Are we afraid of our children’s questions?

Question Authority

This was a mantra in the 1960’s. And there is actually some wisdom in this, but not nearly what the hippie generation thought.

As we raise our children and disciple them to follow the Lord, sometimes we close off the opportunity for them to ask questions. We fear if they share spiritual doubts with us, it means they are falling away from the faith. Sometimes, even churches put up a hard shell of doctrine that repels honest, open questions.

The reality is that if we shut down our children from asking questions of us or of the church, those questions will pop up later in life. Those unanswered questions may result in years of anguish, fear, guilt, and eventually bitterness and resentment leading to turning away from the church. Possibly even the faith.

It is important to remember that, for many of us, our children will come to faith in Jesus when they are young. They believe what we tell them is true. They follow our lead. They love Jesus because we love Jesus. This is a normal, natural part of their growth. But this is not where it ends.

The time will come when they make their own choice about their faith in God. And that HAS to start with asking their questions, sharing their doubts.


Are we afraid of our children's questions? God is big enough for any question they might have.

Our role is to encourage their honesty and seeking hearts.

Our homes should be those safe places where our children can ask their questions without fear of rejection. We shouldn’t be afraid of their questions, we should embrace them! Helping our children learn how to ask and seek Truth is a major part of discipling them. Helping them learn how to search the scriptures, and then how to interpret what they find, is critical in seeing that the next generation is one of strong faith rather than borrowed faith.

Borrowed faith is when I copy what my parents (or pastor or whomever) say. I quote them rather than speaking God’s words. I believe because they believe. It is not something that is a part of my nature, not a part of my deep commitment.

[Tweet “Borrowed faith does not last when times get rough because it is not a part of ME.”]

We should be the number one proponent of our children’s questions. We don’t have to dodge them in fear. I love the fact that God is big enough for ANY question. And His word gives Truth and Light to all who ask!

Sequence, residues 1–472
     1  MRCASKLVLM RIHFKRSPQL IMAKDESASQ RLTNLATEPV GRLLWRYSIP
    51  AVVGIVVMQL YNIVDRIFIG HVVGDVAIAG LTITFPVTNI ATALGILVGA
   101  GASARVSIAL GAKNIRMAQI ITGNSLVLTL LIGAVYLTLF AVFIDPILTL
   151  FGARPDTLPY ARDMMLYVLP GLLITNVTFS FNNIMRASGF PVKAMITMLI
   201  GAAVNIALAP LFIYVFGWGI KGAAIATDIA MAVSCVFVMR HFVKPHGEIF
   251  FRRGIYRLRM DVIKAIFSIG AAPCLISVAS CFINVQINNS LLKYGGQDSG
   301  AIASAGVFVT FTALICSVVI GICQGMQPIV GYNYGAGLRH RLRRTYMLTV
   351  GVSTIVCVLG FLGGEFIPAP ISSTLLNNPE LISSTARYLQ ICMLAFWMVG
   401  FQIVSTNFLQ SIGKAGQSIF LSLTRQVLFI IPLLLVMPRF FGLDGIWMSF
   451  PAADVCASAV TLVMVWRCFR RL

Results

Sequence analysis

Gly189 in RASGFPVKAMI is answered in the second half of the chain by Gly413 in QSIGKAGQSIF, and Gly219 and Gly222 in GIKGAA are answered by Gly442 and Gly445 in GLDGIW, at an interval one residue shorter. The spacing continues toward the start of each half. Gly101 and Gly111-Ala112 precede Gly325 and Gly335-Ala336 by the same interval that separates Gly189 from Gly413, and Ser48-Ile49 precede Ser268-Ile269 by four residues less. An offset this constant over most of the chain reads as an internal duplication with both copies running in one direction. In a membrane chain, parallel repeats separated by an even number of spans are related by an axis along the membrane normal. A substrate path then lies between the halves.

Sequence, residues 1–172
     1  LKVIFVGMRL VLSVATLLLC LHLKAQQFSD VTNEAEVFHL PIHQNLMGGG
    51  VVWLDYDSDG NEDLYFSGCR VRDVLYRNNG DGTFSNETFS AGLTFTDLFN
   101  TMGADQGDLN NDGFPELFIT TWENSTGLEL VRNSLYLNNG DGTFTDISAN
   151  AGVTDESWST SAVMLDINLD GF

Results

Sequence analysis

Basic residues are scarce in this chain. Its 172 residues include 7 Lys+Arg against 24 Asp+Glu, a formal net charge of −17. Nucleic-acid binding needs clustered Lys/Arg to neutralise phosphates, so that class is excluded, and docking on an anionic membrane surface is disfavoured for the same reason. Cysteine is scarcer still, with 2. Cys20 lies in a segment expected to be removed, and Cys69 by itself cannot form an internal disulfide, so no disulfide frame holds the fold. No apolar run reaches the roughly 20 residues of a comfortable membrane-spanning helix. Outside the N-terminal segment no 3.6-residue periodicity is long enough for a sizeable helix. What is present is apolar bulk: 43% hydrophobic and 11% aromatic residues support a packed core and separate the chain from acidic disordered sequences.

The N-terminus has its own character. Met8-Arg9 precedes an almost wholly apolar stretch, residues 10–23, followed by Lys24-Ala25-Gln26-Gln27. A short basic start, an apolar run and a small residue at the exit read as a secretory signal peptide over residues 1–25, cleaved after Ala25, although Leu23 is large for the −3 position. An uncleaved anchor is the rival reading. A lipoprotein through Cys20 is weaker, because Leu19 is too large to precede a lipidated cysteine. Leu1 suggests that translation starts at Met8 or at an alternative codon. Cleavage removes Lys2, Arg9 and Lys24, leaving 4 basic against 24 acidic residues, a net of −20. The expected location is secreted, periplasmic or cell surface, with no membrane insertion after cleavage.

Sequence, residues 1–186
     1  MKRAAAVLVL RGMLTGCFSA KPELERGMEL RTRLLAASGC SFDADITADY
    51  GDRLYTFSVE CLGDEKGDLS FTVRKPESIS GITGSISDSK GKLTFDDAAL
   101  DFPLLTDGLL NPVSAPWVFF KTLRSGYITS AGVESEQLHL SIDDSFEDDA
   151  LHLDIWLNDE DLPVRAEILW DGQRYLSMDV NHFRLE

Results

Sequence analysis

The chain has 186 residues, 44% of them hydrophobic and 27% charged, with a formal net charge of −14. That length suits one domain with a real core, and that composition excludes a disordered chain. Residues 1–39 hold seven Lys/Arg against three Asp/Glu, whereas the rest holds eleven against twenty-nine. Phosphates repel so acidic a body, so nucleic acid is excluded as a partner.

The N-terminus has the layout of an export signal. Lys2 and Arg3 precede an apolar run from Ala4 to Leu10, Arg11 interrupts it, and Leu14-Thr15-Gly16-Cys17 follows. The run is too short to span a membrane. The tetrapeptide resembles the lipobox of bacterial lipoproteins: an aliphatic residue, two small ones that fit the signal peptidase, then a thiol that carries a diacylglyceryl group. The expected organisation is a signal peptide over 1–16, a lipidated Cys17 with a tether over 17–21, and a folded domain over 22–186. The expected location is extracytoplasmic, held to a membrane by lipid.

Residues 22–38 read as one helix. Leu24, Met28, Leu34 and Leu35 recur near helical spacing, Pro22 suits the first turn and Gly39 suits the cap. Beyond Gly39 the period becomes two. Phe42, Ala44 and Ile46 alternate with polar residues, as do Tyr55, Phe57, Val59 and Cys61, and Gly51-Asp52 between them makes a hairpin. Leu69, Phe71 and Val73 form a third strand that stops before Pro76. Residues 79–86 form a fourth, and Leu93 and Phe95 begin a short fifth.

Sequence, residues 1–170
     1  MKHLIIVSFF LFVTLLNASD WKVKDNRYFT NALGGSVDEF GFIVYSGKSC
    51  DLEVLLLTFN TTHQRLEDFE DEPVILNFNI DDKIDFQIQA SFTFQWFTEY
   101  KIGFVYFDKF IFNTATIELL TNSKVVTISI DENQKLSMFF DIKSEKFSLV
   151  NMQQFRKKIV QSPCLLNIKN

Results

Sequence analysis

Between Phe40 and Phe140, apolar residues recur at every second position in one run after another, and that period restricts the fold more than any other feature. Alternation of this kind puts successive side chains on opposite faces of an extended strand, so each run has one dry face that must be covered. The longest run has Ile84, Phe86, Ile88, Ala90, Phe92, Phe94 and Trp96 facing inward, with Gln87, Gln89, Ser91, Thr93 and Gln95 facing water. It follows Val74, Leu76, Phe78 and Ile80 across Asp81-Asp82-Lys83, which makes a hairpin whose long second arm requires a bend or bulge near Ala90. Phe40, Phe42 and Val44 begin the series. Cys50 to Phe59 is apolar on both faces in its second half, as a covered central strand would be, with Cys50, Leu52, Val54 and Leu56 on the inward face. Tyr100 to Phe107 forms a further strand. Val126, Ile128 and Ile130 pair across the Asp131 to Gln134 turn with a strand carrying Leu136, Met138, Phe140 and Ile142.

The Lord and Questions

I love looking at how Jesus responded to questions. Sometimes He never answered them at all. Those were the ones from the religious leaders seeking to trap Him into blasphemy. He either didn’t answer or He answered something totally different. To those who were sincerely seeking, He gave words of life.

We see God’s gentleness in responding to Gideon’s fear and doubts or with Mary’s wondering how the things she was being told were possible. Even Sarah’s laughter was dealt with tenderly.

When our children are sincerely asking, “How can this be?” we should not fear. GOD has the answer, the Truth for their queries. He wants them to follow out of faith and commitment of their own. This means He has no fear of their questions or of their doubts. And as we put our trust in God, neither should we.

If your children are beginning to share their doubts and questions, lay aside your fear and step into your faith, knowing that God has the answers to their heart’s desires. Pray to be like Jesus, who often answered the question of the heart rather than the words spoken. Perhaps God will direct you to answer questions they didn’t know they were asking.


image courtesy of khunaspix/

1 thought on “Are we afraid of our children’s questions?”

  1. Pingback: Are we afraid of our children's questions? - Teaching What Is Good

Leave a Comment

Your email address will not be published. Required fields are marked *


We're here to help you!


This is the one thing that will help you find what you need.

Drop us your name and email so that we can send you the Align Life Strategy workbook. 

Scroll to Top